Juste une fable n° 51
i was assigned a task that was next to impossible, and it came to me through melanie. i was to find a backdrop, a canvas, or scrim, a material curtain, but to put at the front of the stage for a production to be performed that very day by this french director i’d been appointed to assist, vinaver.
at first, we thought – you, paul, were with me – that we could take care of what he wanted with a sheet, but when we held it up to the space, it was way too small. he wanted painted bricks also on this textile, so he wanted it to look like a wall that would be a backdrop for the whole stage, but he wanted it hung toward the front.
none of this would have been a problem if i had been told in advance, but it was just a whim that vinaver had come up with, when he ripped one of the curtains off the hotel room where we were meeting and threw up this material (in the air). he had an eye for space, so the dimensions of that material were just right, and somehow a hem had been thrown together too. so i had to admit we had the model. accordingly, rémy or one of vinaver’s other assistants said to me, we’re in arizona, so just call one of your friends who is a painter. they’ll know where to get the material and the paint.
the problem was, i didn’t know any painters there anymore and i couldn’t even reach anyone from the ballet. the only person i remembered at all was dan hunter, who i saw behind his beard at mother’s funeral service, eyes a’twinkling, just like they used to be. but dan was way too old to help us now. i was distraught, really distraught. i saw there was no way to get that backdrop together before the beginning of the performance. so i let it go, and just started wandering around.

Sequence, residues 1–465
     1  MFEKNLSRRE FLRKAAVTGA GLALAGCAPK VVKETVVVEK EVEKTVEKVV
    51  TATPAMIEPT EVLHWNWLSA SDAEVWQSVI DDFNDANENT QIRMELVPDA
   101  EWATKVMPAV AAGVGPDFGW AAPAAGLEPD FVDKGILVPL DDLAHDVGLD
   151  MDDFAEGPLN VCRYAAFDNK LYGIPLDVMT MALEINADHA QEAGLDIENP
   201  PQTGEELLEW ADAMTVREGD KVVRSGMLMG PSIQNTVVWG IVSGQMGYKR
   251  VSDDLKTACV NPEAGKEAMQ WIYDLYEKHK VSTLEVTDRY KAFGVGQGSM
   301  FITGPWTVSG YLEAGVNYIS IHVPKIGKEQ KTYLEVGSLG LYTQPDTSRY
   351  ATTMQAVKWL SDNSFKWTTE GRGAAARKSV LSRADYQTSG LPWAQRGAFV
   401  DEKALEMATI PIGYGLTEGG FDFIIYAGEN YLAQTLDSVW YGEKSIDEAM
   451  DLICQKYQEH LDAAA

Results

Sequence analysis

i’d run into melanie on an exercise bike. she still had good ideas for me, but they were always the same: exercise and nutrition were going to do the trick. and she was also into
knowing people, knowing the right people,
and that was something i was never comfortable with, whereas
you don’t seem to care who i know or who knows me.
but this still didn’t stop me from wandering around people’s hotel rooms, and looking for something to save me, as i used to do when i was young. and i remember that for once i decided to follow the directions of a woman, a poor woman, whose hotel was near the airport. her idea about saving was that something could be cooked up. so i took my movie camera and i followed her to her place, where she rode on a wobbly bicycle after having visited a shabby grocery store, and bought a recipe for some kind of cake.
she said she was glad to make this documentary with me. she stirred up her recipe and pointed out that she’d been able to rent all the kitchen gear. this was her way of having fun while traveling, and keeping everything low budget. it was a trip she could really afford. and i was at the same time convinced and not convinced by her approach, because i wasn’t having fun.
everything had that deodorant-clean toxic smell that fills all cheap motels, and there was nothing that could redeem the look of the linoleum. but worst of all, the cake itself never took form. it turned into some kind of plastic goop that was only half-cooked. so i saw this was no solution, i had yet to be saved, and i wondered if there was any way possible for me to retrieve my previous search, my position
assisting the director of that theater, vinaver.
Mary Shaw est professeure de littérature française des dix-neuvième et vingtième siècles à l'Université de Rutgers (New Jersey). Outre ses travaux universitaires, elle a publié deux livres pour enfants ainsi qu'un recueil de poésie intitulé Album Without Pictures (Halifax, N. S., Editions VVV, 2008).